October 13, 2013 article by Katherine Love published in TCU360, TCU's online news source.
To address a need for more study space in the Mary Couts Burnett Library, TCU plans to relocate some of the books to an off-campus warehouse.
Books are not being removed, only relocated, said Library Dean June Koelker.
"What we're trying to do is have enough seating so that students can find a place where they want to sit," Koelker said. "We're taking some of the space that we'll gain by moving the books and creating more seating for students."
The plan will move 800,000 materials, including books, bound periodicals and archives, which constitute about two-thirds of all materials housed in the library.
The library staff has identified these materials as used less frequently or not having been checked out in the past 10 years. About 400,000 new and commonly requested materials will stay at the library.
Five library staff members will work full time at the annex. Students can request materials online, and the staff members will make deliveries to campus twice per day.
This move also offers benefits besides creating more seating.
Tracy Hull, associate dean of the library, said the off campus location encourages students to utilize technology, such as the online virtual library. This feature allows viewers to see book covers, indexes and tables of contents as well as the books positioned next to books on the shelf. She also explained the benefit of moving bound periodicals to the annex.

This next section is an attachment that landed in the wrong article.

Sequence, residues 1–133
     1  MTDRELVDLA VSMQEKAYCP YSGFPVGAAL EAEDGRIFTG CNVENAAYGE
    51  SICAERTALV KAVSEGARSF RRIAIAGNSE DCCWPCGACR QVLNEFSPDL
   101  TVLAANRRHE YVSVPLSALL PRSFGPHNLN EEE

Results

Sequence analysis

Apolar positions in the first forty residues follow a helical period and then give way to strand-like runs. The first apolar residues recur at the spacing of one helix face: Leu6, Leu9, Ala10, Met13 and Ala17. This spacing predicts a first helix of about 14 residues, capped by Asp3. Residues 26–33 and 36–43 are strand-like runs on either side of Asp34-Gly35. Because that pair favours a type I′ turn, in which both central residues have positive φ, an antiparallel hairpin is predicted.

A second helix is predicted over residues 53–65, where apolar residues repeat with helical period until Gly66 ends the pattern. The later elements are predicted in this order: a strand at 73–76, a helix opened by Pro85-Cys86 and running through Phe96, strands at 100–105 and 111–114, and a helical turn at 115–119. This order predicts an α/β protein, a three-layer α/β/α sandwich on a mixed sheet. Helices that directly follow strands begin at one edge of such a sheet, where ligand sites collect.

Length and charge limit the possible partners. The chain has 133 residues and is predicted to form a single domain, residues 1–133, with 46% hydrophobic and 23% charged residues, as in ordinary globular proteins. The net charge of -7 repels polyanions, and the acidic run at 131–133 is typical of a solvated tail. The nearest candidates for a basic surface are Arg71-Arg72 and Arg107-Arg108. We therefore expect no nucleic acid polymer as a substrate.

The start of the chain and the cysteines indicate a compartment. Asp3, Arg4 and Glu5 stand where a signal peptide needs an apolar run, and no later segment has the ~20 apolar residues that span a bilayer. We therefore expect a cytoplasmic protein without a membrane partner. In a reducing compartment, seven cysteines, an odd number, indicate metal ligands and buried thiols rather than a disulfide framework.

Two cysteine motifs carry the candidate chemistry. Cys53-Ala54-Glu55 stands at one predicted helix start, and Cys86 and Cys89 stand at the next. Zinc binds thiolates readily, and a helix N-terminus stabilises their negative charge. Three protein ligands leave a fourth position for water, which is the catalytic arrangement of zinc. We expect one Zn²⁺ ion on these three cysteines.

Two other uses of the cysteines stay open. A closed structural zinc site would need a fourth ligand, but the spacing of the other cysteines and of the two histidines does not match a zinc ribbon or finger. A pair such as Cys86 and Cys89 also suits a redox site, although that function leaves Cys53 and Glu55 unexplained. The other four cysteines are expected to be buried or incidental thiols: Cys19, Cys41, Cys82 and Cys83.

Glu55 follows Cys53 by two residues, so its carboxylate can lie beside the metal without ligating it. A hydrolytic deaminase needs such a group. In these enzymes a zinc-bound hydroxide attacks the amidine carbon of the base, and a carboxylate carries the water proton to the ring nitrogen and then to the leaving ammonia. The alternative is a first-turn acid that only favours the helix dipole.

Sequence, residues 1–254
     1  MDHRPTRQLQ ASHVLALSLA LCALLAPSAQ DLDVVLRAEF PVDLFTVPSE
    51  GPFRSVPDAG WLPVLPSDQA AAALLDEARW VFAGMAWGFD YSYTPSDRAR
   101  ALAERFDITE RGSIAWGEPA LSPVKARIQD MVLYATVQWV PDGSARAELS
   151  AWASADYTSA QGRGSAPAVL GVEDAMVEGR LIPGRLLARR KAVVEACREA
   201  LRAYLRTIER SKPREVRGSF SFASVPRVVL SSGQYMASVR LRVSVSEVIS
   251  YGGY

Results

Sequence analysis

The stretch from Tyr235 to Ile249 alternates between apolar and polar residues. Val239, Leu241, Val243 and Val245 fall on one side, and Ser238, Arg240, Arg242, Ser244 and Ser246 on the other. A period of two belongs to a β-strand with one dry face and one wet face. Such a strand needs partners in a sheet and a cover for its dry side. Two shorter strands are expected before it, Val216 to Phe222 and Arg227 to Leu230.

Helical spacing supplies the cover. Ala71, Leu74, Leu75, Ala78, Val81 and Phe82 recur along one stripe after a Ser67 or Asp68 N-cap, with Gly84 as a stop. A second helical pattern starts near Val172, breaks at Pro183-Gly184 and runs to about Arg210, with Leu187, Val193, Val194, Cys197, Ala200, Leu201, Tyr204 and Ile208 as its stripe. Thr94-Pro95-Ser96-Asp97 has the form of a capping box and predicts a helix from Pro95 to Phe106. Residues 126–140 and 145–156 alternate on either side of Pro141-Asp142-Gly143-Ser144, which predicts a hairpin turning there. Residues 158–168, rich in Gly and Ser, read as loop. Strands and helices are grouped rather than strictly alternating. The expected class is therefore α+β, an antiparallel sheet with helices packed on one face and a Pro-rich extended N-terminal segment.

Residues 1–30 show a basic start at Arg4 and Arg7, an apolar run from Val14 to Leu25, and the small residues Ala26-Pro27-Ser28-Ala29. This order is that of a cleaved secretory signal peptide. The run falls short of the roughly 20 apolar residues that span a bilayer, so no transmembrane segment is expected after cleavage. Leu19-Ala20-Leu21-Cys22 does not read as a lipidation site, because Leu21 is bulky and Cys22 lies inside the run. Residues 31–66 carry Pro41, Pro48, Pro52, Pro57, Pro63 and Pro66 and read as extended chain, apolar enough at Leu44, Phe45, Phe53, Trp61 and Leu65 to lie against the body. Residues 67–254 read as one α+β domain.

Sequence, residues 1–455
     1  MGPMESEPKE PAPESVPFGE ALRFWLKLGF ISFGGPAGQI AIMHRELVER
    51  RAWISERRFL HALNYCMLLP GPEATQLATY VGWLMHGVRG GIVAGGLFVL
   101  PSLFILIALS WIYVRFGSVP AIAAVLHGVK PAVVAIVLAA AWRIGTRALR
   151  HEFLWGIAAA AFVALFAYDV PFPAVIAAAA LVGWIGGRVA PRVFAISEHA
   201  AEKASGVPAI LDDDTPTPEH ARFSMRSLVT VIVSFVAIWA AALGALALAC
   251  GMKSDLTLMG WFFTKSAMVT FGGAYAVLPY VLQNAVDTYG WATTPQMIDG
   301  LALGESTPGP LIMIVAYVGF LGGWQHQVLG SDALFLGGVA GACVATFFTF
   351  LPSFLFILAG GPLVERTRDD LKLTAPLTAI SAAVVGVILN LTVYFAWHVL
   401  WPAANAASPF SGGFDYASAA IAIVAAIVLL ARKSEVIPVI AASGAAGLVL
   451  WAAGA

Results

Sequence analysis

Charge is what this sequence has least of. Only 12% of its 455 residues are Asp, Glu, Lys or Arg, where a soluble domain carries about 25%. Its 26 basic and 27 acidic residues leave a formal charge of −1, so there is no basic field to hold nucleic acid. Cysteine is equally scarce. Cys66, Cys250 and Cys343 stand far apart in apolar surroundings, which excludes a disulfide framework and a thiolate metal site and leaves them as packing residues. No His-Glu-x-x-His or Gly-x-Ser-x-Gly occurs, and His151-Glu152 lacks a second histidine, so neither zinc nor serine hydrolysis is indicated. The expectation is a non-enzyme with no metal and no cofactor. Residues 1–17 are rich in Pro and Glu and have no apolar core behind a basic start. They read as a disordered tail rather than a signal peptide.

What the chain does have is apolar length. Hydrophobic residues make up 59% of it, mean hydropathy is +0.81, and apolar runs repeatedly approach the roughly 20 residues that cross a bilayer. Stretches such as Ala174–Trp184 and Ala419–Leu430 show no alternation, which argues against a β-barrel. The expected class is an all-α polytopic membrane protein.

"They're not something that you really browse the shelves for; you usually know what article you want, so you'll request it, we'll scan it and email it to you," Hull said.
The new location will also allow for better preservation of the materials, said James Lutz, director of library administrative services. The facility will be air-conditioned with humidity control, and storing materials, such as archives, will prevent visitors from "manhandling" these that need special care, Lutz said.
Many students are ready for the books to go, said senior political science major Nick Morales.
"I'd say 95 percent of students, maybe even more, don't use the books," he said. "We need this space for computers, to print, to study with groups and just for study areas."
Both he and junior nursing major Emily Fuson have had trouble finding an open spot in the library at times. Both said the quiet section is particularly crowded during midterms and finals weeks.
Even Hull has witnessed the problem and agrees a change needs to be made.
"I'm a librarian; I love books. But seeing students sitting on the floor is really painful," she said. "So I think it is actually a good thing because we are creating spaces that students need and are going to use, and we're doing it by sacrificing items that aren't used that often."
The annex building is located just a 5-minute drive from campus near the intersection of Granbury Road and University Drive. It is currently being renovated and will be ready for books by the end of the year.
Throughout this semester, library staff and student workers are labeling the books to be moved. The move will begin after final exams and will continue throughout next semester, finishing by April so as not to distract students preparing for May exams.
Time is never wasted in a library.
Libraries are the keepers of our history as well
as the promoters of a literate and well-educated
future for the people of the world.